Tech learning 'Netflix' Pluralsight offering free courses to reservists, vets, and families
The promotion opens the platform's training library to hundreds of thousands
The “Netflix” of professional technology learning is now offering its library of training courses free to Army Reservists, veterans and their families. The deal is being offered thanks to a collaboration with the U.S. Army Reserve Private Public Partnership Office and the Chief of the Army Reserve.
Blake Hunsaker, Pluralsight’s vice president of government programs, said the goal of the program is to make it sustainable. Besides getting free access through July 31, army reservists, veterans, and their families will also be able to take advantage of a half-price, one-year subscription to Pluralsight for the foreseeable future.
Pluralsight calls its library the world’s largest curated professional development platform, with courses designed for software developers, IT specialists, and digital creatives. The collection includes 4,000 videos available on-demand, whenever and wherever a user wants to view them. To help make sense of such volume, Pluralsight outlines a number of pathways that guide people through a sequence of videos on a single topic in an order that helps them naturally build on newly acquired skills.
The partnership with the U.S. Army Reserve offices does not include any compensation to Pluralsight for opening its training library. Hunsaker said he knows that means hundreds of thousands of people could potentially visit pluralsight.com/USAR for free access before July 31, but that’s what he hopes happens.
A major benefit of the Pluralsight model is its scalability. “If we add 5,000 or 10,000 people, it’s just a matter of scaling within our own system,” Hunsaker said. “We don’t have to hire more teachers, we don’t have to have more classrooms.”
The Bureau of Labor Statistics has reported that more than half a million veterans are unemployed. The ones who sign up for this free tech training from Pluralsight could find themselves with marketable skills for a new career. People with tech skills, especially developers, are in high demand right now.
Yinon Weiss is an Iraq war veteran and the CEO and co-founder of RallyPoint, a professional networking site for veterans and service members. He said he interviewed a developer for his software company who had five job interviews in the same week, and Weiss expected he would get five job offers. The number of veterans in his applicant pool, however, is virtually always zero.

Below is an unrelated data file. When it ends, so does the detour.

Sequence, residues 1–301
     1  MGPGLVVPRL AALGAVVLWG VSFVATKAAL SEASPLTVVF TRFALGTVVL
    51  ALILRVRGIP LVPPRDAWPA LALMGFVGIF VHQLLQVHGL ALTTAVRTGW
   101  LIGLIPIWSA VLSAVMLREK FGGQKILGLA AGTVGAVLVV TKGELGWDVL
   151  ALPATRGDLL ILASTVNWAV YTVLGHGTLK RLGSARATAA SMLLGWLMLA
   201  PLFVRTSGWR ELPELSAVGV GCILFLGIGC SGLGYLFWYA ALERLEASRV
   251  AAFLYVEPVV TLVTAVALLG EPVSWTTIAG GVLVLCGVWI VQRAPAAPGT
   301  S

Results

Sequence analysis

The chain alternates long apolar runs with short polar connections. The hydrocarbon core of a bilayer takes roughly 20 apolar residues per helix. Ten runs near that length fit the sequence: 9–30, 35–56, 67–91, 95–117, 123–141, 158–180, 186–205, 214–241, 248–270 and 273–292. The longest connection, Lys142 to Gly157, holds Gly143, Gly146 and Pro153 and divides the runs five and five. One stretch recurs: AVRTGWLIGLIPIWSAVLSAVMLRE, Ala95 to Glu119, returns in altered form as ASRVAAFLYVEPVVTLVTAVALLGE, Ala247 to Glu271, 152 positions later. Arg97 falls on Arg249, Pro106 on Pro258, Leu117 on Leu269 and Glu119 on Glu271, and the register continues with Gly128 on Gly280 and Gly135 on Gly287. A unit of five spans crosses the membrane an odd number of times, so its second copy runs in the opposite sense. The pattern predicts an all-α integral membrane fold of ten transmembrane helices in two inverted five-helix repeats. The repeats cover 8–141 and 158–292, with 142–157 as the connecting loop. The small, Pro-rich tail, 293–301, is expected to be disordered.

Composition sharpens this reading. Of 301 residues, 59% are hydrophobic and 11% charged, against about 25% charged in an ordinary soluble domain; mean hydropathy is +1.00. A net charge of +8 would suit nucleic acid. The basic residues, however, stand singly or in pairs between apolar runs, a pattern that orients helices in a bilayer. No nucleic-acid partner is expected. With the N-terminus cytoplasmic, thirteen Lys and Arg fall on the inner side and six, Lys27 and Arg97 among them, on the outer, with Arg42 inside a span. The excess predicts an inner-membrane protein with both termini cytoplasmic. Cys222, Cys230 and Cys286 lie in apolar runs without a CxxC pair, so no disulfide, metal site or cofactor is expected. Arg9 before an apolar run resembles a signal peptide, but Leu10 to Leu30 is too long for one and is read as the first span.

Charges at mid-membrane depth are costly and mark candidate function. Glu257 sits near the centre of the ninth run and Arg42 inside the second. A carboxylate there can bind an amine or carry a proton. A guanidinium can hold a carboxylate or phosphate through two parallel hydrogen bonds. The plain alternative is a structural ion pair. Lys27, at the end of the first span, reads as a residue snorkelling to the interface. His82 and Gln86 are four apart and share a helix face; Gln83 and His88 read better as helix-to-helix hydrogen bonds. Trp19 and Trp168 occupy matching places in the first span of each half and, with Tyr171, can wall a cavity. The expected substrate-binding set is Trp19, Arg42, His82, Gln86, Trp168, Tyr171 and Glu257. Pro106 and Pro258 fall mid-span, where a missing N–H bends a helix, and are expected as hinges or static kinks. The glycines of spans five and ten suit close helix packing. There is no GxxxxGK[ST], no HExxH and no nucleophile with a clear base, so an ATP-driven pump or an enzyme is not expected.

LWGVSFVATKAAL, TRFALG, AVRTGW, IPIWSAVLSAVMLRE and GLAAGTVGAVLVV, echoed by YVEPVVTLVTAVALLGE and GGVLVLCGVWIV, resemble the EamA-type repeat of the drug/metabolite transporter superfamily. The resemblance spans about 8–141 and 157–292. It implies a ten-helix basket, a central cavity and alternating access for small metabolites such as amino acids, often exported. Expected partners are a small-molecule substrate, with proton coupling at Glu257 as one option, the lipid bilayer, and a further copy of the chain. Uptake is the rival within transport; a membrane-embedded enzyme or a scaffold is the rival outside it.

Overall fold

“I would love to hire a military person who was trained to write code, but either they don’t exist or there are so few of them that we have never found one,” Weiss said.
Code.org predicts 1 million computer science jobs will go unfilled by 2020. Adecco Engineering and Technology, a staffing and recruitment company, takes that number to 2.4 million for STEM fields more generally. Overall, Adecco Vice President of Recruiting and Delivery Jesse Wright calculates an average of 3.6 unemployed individuals for every one job listing. But for STEM fields, there is one unemployed person for every two listings, he said.
Much of Pluralsight’s library helps people prepare for industry certification tests that lead to well-paying, full-time jobs. The certification, and sometimes even Pluralsight transcripts alone, give job-seekers the chance to differentiate themselves in an employment interview and prove they have the skills to be there. Hunsaker expects reservists and veterans to take advantage of Pluralsight’s entry-level software development training program during the free access period. That’s where he says there’s a gap in the marketplace and where many military skills can be transferred to civilian jobs.
Once the skills are there, Wright points to a range of other benefits to hiring veterans — they have experience with cutting-edge military technology and they bring a global perspective to their work, to start.
"And if that isn't enough to convince you," Wright said, "let’s not forget that veterans are natural leaders, respect authority and direction, work extremely well under pressure, appreciate diversity, and have a sense of comradery and teamwork that only the military can cultivate."
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